A couple of reasons gold dollars did not circulate
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The underlying reason contributes to why there were mostly trade dollars vs trade 1/2 dollars or trade 1/4 dollars.  It may be the same amount of precious metal but the labor to count or assay is 2x or 4x, respectively.

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When coins of all denominations disappeared just a few short years later, I imagine the people (and banks, and government officers) of New Orleans were wishing that they had not had their supplies of gold coins reduced.

Good info, Mr Burdette, as always.

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These coins are awfully small and must have been frequently lost. $1.00 was a lot of money back then. Was that a factor?  

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4 hours ago, LINCOLNMAN said:

These coins are awfully small and must have been frequently lost. $1.00 was a lot of money back then. Was that a factor?  

That's one of the reasons I used to hear years ago.

Of course:

They try to fix it with silver dollars and people reject it for being too heavy.

They tried to fix that with the SBA dollar and people rejected them because they were confusing them with quarters.

They tried fixing it by making the SACs and the presidential dollars, and people just still wouldn't use 'em.

They worked in Europe and the UK because the small notes went away.

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On 9/7/2019 at 10:08 PM, jgenn said:

It may be the same amount of precious metal but the labor to count or assay is 2x or 4x, respectively.

So is the labor to make them.  That was one reason why in the early US Mint the mint encouraged depositors to take larger coins rather than the smaller denominations.  It took 5 times as much labor to make a dollars worth of dimes than a dollars worth of half dollars.  When you are using muscle power to swing the press it makes a difference.

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On 9/10/2019 at 10:56 PM, Conder101 said:

So is the labor to make them.  That was one reason why in the early US Mint the mint encouraged depositors to take larger coins rather than the smaller denominations.  It took 5 times as much labor to make a dollars worth of dimes than a dollars worth of half dollars.  When you are using muscle power to swing the press it makes a difference.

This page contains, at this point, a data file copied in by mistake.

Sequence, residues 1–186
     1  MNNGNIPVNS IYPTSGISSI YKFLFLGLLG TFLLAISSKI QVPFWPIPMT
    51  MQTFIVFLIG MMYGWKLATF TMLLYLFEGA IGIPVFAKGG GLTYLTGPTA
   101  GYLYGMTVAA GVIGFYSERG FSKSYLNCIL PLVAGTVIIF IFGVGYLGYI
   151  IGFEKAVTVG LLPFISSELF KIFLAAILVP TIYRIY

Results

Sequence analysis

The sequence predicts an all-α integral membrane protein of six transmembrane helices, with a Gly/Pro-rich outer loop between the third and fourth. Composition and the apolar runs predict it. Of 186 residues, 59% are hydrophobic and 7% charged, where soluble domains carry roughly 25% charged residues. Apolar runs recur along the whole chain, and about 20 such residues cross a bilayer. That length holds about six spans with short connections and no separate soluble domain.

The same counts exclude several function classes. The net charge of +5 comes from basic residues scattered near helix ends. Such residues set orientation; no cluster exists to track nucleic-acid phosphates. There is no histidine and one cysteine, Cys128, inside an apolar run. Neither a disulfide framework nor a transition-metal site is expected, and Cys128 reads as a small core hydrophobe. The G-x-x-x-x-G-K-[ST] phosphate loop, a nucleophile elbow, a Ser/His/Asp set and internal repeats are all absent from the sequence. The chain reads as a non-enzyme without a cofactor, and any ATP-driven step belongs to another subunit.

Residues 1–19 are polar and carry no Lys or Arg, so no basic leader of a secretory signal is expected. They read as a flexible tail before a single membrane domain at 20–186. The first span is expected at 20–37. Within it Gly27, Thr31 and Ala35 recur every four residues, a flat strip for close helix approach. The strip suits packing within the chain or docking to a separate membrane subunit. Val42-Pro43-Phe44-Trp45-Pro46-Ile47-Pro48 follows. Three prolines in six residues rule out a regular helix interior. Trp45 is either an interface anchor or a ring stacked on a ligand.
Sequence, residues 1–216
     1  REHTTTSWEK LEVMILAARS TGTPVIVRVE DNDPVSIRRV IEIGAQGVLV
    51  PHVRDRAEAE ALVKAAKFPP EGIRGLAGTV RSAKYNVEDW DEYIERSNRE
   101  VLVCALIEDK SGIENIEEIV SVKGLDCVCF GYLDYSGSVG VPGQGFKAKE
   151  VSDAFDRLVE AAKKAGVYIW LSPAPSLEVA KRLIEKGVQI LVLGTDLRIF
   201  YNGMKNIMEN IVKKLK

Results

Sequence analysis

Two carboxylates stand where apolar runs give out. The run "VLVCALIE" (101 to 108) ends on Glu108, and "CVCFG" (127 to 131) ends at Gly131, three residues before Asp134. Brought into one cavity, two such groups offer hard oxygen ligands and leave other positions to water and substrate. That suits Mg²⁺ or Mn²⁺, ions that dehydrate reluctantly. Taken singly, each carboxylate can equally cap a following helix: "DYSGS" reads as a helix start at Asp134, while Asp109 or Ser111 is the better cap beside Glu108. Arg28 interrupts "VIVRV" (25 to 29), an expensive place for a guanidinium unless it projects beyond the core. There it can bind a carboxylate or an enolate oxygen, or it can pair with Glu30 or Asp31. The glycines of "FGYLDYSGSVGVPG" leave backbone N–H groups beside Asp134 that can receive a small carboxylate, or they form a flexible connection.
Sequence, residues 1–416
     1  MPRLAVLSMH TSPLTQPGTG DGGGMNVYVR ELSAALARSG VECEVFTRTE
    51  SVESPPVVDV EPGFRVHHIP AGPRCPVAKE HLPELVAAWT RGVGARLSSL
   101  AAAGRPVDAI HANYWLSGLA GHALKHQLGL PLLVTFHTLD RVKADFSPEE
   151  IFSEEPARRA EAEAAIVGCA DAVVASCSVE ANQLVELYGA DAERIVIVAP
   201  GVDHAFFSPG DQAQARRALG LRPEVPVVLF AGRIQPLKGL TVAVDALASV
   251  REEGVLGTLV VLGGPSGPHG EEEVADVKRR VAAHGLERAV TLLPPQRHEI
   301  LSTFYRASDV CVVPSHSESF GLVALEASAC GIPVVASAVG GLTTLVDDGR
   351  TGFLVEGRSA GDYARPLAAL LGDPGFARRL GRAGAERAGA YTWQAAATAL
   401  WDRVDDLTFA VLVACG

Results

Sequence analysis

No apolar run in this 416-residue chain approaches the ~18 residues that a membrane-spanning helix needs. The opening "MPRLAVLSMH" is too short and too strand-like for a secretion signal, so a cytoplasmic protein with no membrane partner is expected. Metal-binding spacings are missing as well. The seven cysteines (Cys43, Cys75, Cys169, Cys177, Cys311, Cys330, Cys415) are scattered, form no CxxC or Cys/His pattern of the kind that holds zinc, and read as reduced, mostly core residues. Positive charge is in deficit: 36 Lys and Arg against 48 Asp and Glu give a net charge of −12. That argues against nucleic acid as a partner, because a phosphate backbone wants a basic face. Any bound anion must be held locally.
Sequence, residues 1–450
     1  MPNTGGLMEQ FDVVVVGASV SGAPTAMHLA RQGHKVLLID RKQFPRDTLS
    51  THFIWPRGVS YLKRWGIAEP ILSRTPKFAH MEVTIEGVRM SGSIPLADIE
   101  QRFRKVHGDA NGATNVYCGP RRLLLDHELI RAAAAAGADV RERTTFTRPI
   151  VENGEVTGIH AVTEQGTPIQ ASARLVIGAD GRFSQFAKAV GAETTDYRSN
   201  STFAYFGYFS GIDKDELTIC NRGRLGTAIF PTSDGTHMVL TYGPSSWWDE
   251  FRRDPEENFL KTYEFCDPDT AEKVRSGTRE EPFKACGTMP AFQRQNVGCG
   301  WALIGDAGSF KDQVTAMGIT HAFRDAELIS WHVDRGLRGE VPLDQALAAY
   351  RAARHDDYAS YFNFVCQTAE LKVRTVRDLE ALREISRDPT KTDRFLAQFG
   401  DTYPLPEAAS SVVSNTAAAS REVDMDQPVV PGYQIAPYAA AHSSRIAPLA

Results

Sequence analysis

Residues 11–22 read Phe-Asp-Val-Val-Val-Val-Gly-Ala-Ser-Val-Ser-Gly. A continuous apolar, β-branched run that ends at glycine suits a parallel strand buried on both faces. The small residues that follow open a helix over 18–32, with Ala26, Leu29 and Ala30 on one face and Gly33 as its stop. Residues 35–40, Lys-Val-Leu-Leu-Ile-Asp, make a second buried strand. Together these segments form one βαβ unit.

So when did this extend to dollars? My understanding, from a quote by John L Riddle, melter and refiner at the New Orleans mint, in his "Monograph of the Silver Dollar, Good and Bad", 1845, was that "The policy of our government has been to issue a great preponderance of halves, and the smaller denominations of coins, under the impression that they would be less likely to be exported from the country."

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On 9/16/2019 at 8:36 PM, jgenn said:

So when did this extend to dollars? My understanding, from a quote by John L Riddle, melter and refiner at the New Orleans mint, in his "Monograph of the Silver Dollar, Good and Bad", 1845, was that "The policy of our government has been to issue a great preponderance of halves, and the smaller denominations of coins, under the impression that they would be less likely to be exported from the country."

That makes sense, but logic is not always so. 

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In its early decades the Mint always pushed the highest denominations to get credit for as much dollar value as it could. This looked good in the annual reports, satisfied congress and, as indicated above, was much less work for the staff and for banks in counting. To remedy the situation, early Mint officers who truly cared about making its products of use to the general public would sometimes deposit silver themselves, requesting to be paid in dimes or half dimes. Third Mint Director Elias Boudinot was one who did that.

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The first New Orleans coins were dime and half dimes. These were made in response to local demand for small change. The Mint Director wanted to show Congress production in face value not pieces, and pressured the Superintendent and coiner to switch to halves as soon as possible.

 

There'll be a small Coin World article about this soon.

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RE: " They tried to fix that with the SBA dollar and people rejected them because they were confusing them with quarters. "

This was a really foolish decision. It was "imposed" by US vending equipment manufacturers so they did not need to change the gauge slot in their machines. The SBA dimensions were fixed before anything else and changed only once in the entire review process - even then it was a slight enlargement of diameter.

 

My opinion is that if the SBA dollar had been the diameter of the old gold eagle, it might have been successful with consumers. Today, a dollar purchase is as likely to be made with credit or debit cards as cash.

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